Pennsylvania is engaged in its own coldwater survey. Charlie Fox, the state's present piscatorial patron saint, writing in Fly Fisherman, attacked the Fish Commission's survey as an attempt to do away with existing special regulation areas. I wouldn't be surprised to see the state drop some of the no-kill streams that have failed to achieve self-sustaining populations. Fox has put the region on notice that ending some no-kill areas will politically require the creation of more promising no-kill areas. Increasingly, fish commission personnel seem to be deciding that there are more tourist dollars in a big, wild, challenging trout that must be released unharmed to be caught again and again than there are in a nine-inch hatchery product that's bred for resistance to disease, tolerance to stress in the holding tanks and fast growth on grain pellets, but that can't survive or reproduce in the wild.
Because of the survey in Pennsylvania-or as Fox would say the state's favoritism for hatcheries, bigger budgets, more dwarf dead fish in the creel and opposition to no-kill regulations - the controversial moratorium in Pennsylvania on additional special regulation areas will continue this year, longer than planned, while the survey continues. If it continues at snail's pace, then Charlie's suspicions may well be right.
For years southern Pennsylvania's "famous four" streams - the Letort south of Carlisle, Big Spring southwest of Newville, Falling Spring east of Chambersburg, and the Yellow Breeches south of Carlisle - have been praised and over-publicized, and now they suffer from too much weekend pressure on the no-kill sections. If you must fish those streams this month, here are some recommendations. Try little olives, size 18, on the Letort during midday, particularly if it's cloudy and a bit windy. Sulphur nymphs will work on Falling Spring during midday through May. Try dark streamers in the holes on lower Big Spring for rainbows and browns or muskrat nymphs for native brook trout in the headwaters. But, for more trout and less crowds, I recommend Clarks Creek northeast of Harrisburg and Penns Creek east of State College, and for some of the best small mouth bass stream fishing in the East I'd look to the Juniata River below Lewistown.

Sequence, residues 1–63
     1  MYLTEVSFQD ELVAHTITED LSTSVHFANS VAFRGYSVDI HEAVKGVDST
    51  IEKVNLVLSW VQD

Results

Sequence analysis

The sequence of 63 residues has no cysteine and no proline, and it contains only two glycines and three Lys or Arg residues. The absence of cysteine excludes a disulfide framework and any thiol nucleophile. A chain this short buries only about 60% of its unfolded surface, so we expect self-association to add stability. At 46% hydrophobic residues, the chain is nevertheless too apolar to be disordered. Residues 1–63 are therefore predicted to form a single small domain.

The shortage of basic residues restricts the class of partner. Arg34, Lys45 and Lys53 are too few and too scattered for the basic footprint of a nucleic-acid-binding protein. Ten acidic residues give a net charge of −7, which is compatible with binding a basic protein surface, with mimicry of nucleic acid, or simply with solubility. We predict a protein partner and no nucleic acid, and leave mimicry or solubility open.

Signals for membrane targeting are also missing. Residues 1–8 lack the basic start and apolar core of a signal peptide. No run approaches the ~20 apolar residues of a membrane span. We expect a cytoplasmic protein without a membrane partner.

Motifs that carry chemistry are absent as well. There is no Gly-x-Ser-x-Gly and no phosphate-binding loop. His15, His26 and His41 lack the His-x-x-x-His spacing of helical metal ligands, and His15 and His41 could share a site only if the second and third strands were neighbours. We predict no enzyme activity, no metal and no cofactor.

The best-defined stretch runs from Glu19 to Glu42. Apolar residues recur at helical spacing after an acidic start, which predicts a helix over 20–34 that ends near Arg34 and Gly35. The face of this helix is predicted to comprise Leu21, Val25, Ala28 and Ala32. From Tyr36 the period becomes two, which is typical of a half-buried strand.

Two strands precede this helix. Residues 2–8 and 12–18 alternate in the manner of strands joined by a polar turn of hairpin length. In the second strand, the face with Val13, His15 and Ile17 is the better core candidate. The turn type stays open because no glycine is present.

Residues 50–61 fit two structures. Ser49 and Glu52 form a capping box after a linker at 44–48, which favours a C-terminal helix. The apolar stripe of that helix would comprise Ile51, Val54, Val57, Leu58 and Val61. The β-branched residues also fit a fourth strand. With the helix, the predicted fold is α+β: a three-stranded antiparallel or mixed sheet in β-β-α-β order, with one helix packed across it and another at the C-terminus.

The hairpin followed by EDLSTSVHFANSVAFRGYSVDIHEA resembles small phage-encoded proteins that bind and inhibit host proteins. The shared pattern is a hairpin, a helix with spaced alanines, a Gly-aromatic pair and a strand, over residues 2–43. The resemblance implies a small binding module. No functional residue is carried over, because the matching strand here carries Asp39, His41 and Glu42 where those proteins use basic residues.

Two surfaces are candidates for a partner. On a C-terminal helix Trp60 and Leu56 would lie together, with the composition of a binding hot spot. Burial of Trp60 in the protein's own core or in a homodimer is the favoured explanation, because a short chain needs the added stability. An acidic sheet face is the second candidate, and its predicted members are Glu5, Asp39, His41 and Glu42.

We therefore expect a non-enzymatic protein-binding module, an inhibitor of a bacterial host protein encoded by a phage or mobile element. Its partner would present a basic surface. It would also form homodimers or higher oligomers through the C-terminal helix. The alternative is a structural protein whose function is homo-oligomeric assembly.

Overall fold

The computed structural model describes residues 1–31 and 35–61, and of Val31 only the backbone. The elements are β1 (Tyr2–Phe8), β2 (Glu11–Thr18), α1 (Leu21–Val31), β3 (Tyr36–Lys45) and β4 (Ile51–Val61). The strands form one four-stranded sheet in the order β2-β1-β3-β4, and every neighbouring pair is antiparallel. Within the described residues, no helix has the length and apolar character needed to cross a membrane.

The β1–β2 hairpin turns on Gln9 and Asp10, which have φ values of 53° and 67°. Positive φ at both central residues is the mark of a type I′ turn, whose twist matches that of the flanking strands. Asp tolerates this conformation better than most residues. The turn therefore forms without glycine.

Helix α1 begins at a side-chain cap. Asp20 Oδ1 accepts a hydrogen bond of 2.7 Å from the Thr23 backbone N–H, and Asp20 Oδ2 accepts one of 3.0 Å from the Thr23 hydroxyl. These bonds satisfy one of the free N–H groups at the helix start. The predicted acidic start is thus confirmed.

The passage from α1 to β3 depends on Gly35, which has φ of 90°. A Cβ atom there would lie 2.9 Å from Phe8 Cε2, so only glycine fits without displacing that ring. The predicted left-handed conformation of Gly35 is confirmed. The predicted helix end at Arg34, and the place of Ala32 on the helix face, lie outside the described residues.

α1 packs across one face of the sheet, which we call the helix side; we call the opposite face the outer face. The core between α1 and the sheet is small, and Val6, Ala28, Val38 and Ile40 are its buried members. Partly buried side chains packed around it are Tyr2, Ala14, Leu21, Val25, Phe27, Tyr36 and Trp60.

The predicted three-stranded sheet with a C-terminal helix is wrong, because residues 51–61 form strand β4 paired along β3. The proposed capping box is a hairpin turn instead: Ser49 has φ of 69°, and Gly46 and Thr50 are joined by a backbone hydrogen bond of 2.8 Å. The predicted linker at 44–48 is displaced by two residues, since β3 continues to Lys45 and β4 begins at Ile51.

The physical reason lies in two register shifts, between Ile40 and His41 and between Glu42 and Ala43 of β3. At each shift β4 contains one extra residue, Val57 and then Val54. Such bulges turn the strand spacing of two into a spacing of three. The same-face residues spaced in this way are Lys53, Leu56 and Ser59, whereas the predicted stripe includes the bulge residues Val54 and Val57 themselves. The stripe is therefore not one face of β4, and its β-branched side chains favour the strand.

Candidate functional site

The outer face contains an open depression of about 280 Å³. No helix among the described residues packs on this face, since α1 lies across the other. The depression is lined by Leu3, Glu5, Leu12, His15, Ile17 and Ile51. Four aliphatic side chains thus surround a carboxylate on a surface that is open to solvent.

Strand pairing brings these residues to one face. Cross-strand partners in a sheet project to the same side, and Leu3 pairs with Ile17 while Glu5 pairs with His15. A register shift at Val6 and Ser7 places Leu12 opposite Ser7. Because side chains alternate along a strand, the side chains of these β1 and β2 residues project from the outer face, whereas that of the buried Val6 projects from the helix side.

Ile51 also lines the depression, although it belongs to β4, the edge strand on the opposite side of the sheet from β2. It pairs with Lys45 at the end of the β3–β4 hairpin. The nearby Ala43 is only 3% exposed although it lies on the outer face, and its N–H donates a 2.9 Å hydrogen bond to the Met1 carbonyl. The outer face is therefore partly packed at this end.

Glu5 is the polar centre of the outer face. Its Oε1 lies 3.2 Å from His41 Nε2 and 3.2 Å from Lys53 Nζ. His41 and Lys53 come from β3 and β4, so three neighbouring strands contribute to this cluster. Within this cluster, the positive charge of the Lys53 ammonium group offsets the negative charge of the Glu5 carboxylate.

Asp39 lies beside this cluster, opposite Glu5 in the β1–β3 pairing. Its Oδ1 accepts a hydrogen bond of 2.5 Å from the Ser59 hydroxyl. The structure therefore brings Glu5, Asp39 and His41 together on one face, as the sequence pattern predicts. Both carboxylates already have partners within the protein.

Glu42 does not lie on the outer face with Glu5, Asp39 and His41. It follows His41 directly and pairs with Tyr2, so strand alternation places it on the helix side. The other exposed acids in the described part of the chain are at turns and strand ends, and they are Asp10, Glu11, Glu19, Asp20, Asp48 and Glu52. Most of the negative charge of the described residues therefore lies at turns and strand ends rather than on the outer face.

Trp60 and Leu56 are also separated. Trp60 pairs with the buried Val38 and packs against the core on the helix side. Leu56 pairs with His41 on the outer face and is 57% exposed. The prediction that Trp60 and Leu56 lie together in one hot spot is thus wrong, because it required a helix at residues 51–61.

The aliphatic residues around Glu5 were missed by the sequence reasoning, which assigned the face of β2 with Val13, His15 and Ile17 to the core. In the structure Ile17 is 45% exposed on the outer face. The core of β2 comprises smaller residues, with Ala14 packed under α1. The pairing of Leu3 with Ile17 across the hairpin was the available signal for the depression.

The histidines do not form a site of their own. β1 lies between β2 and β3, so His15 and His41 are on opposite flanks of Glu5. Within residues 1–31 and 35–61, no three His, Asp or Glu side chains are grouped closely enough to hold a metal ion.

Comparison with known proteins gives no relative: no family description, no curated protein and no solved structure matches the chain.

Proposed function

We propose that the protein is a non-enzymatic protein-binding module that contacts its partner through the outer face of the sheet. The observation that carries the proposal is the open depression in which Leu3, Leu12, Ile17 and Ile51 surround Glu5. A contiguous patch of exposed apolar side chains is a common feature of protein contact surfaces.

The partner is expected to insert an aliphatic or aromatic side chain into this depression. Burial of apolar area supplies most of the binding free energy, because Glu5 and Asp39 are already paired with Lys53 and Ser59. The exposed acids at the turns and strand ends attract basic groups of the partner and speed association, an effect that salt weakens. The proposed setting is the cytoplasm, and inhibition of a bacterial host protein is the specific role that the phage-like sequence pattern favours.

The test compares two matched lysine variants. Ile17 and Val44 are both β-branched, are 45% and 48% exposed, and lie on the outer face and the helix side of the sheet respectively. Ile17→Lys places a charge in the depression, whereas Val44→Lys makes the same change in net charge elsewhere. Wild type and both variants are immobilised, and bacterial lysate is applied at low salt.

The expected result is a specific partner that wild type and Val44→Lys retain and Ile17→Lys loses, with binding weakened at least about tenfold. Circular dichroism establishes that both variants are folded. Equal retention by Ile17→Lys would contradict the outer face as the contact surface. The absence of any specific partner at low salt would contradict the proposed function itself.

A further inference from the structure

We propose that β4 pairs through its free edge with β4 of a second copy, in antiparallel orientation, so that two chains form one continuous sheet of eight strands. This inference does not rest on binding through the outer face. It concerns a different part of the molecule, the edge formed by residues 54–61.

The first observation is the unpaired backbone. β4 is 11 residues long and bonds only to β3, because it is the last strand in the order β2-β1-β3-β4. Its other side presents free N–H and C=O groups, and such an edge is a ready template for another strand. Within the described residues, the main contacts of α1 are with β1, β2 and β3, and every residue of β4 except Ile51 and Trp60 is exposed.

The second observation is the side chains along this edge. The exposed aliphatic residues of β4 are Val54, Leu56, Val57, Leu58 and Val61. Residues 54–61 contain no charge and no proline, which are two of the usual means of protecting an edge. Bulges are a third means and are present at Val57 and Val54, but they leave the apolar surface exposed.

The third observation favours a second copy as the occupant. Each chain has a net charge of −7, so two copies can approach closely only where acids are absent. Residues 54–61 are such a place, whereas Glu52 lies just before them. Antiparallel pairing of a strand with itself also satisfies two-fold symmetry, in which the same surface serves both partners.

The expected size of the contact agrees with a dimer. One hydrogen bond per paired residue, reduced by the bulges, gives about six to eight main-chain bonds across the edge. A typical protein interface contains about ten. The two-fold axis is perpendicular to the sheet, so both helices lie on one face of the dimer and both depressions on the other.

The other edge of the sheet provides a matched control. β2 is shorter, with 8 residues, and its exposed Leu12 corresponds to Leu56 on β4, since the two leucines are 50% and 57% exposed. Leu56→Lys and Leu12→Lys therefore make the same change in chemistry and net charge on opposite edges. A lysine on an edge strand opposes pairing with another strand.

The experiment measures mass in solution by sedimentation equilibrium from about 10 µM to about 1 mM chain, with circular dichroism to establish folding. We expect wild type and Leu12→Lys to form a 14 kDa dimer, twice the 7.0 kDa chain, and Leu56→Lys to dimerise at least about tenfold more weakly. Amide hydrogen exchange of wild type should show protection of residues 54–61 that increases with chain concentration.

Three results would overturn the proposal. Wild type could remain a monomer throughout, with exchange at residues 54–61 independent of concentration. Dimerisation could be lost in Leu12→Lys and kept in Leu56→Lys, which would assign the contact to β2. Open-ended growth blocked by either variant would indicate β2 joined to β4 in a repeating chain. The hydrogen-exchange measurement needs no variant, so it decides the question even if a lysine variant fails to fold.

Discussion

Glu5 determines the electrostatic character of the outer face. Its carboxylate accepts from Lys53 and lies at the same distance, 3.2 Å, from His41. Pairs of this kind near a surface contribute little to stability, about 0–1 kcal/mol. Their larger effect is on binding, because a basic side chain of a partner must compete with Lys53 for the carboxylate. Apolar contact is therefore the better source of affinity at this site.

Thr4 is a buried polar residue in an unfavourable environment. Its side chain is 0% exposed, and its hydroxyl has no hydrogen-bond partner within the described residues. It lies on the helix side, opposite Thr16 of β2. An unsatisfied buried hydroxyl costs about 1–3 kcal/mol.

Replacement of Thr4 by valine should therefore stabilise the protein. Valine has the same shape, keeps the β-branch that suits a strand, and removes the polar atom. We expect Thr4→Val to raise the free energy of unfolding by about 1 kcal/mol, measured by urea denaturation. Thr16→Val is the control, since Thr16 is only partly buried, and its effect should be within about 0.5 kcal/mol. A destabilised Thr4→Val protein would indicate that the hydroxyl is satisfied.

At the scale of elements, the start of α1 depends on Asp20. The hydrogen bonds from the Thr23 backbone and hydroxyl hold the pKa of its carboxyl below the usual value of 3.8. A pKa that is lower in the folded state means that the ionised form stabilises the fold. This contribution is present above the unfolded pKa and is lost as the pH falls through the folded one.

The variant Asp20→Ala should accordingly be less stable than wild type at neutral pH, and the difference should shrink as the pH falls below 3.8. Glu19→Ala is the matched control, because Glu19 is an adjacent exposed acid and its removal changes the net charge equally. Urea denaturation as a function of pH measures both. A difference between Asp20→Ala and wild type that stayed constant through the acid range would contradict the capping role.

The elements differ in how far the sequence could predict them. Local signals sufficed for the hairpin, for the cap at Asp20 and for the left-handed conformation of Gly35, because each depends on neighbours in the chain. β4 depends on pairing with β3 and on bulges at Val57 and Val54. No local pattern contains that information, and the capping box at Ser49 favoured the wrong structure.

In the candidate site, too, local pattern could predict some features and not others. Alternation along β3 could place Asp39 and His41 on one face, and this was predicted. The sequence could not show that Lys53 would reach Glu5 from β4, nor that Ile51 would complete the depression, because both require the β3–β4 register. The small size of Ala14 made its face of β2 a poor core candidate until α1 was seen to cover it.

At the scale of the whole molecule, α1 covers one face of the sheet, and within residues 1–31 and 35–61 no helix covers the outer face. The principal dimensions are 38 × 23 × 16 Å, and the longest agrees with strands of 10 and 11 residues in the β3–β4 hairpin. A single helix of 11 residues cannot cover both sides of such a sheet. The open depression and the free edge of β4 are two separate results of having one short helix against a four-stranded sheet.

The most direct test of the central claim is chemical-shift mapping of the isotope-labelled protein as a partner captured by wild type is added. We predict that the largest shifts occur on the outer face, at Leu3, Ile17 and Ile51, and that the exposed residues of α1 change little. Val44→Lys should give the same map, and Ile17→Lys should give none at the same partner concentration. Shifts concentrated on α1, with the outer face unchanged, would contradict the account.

Nationally, two events during the winter are worth comment. In december, the Montana Board of Natural Resources and Conservation, in a landmark ruling, granted two "in-stream flow" water appropriations, for fishery and for health purposes, on the Yellowstone River, which faced excessive water demans from industry, agriculture and mining interest. The Yellowstone is the longest free-flowing river (600 miles" in the lower 48 states and is among the blue-ribbon national trout waters. A great sport fisher, still pure and unpolluted because of the bordering National Park, has been saved.
The other good national news comes from Connecticut, which reports that 87 Atlantic salmon returned to the Connecticut River in 1978 for the first time in more than 160 years. Connecticut River salmon are extinct, and Connecticut, Vermont and New Hampshire have for about 10 years been trying to develop a strain of wild Atlantic salmon that would survive and return to the cleaned-up river. A fishery is still years away. Fewer fish or more could return to the river this year, but at last there is hope. CAPTION: Picture, SOME LIKE IT MIXED: A WHITE PERCH BEING TAKEN ON A FLY ON CHESAPEAKE BAY.